It’s clear that as we, as a society, get vaccinated, we’ll soon be free to travel again in Europe — and it’s more exciting than ever to envision the great sights and slices of culture that await. For me, one of the great joys of travel is having in-person encounters with great art and architecture — which I’ve collected in a book called Europe’s Top 100 Masterpieces. Here’s one of my favorites:
Stand in the center of St. Mark’s Square — the center of Venice — and take in the scene: the historic buildings, the cafés with their dueling orchestras, the sheer expanse of the square, and all the people — Italians on holiday, Indians in colorful saris, and Nebraskans in shorts and baseball caps. Overseeing it all is a church that’s unlike any other in the world — the Basilica of St. Mark.
St. Mark’s is a treasure chest of wonders acquired during Venice’s glory days. The facade shows off the cosmopolitan nature of this sea-trading city that assimilated so many different cultures. There are Roman-style arches over the doors, Greek-style columns alongside, Byzantine mosaics, French Gothic pinnacles on the roofline, and — topping the church — the onion-shaped domes of the Islamic world. The gangly structure has been compared to “a warty bug taking a meditative walk” (Mark Twain) or “a love-cluster of tiara-topped ladybugs copulating” (unknown).
One of the facade mosaics depicts the scene when the body of St. Mark — the author of one of the four gospels in the Bible — was interred on this spot. In 1063, this church was built over Mark’s bones. As Venice expanded, the church was encrusted with precious objects — columns, statues, and mosaics — looted from their vast empire. Their prize booty was four bronze horses, placed in the center of the facade. It’s little wonder that the architectural style of St. Mark’s has been called “Early Ransack.”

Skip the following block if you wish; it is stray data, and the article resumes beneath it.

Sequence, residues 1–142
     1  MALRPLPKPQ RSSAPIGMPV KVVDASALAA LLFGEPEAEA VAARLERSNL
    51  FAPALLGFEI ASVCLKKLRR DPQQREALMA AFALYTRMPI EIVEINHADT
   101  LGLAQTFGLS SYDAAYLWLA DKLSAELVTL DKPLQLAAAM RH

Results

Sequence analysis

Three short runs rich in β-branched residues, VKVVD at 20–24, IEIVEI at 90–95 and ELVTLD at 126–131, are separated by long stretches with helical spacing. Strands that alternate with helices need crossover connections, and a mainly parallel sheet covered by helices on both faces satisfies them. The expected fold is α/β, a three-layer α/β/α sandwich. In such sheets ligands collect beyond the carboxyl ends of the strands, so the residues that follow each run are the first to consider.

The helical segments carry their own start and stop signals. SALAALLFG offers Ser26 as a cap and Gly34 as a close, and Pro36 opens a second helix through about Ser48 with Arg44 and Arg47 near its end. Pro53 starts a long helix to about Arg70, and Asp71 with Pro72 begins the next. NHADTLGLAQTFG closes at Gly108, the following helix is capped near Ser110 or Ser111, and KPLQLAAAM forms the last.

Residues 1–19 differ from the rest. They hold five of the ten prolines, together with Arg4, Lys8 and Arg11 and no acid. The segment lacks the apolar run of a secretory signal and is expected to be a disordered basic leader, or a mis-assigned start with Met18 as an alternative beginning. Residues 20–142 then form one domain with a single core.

When you step inside St. Mark’s Basilica, the entire atmosphere takes on a golden glow as your eyes slowly adjust to the dark. The church is decorated, top to bottom, with radiant mosaics. It’s as intricate as it is massive. (Imagine paving a football field with contact lenses.) They tell the entire story of Christ and the saints in pictures made from thousands of tiny cubes of glass (with gold baked inside) and colored stone. The reflecting gold mosaics help light this thick-walled, small-windowed, lantern-lit church, creating a luminosity that symbolizes the divine light of heaven.
As you explore deeper, you’ll discover the church is filled with precious and centuries-old objects: jewel-encrusted chalices, silver reliquaries, and monstrous monstrances (for displaying the Communion wafer). An urn holds the (supposed) holy DNA of St. Mark. The priceless 1,000-year-old Golden Altarpiece is a towering wall of handcrafted enamels set in a gold frame and studded with 15 hefty rubies, 300 emeralds, and 1,500 pearls. Exotic objects like these date from an era when Venice was almost as oriental as it was European.
The church’s symbolic message culminates at the very heart of the church. There, up in the central dome, Christ reigns in the starry heavens, riding on a rainbow. This isn’t the agonized, crucified Jesus featured in most churches, but a vibrant, radiant being gazing solemnly down, raising his hand in a blessing, as the Pantocrator, or Ruler of All. His grace radiates through a ring of saints to the altar below. As the central spot in the church, the Pantocrator dome is the symbolic center of the Venetian universe itself, with Christ blessing it all. God’s in his heaven, the faithful are on earth, Venice is central, and all’s right with the world.
Standing under the dome of St. Mark’s, it becomes clear: Among Europe’s churches, there are bigger, more historic, and even holier churches. But none are more majestic than St. Mark’s Basilica.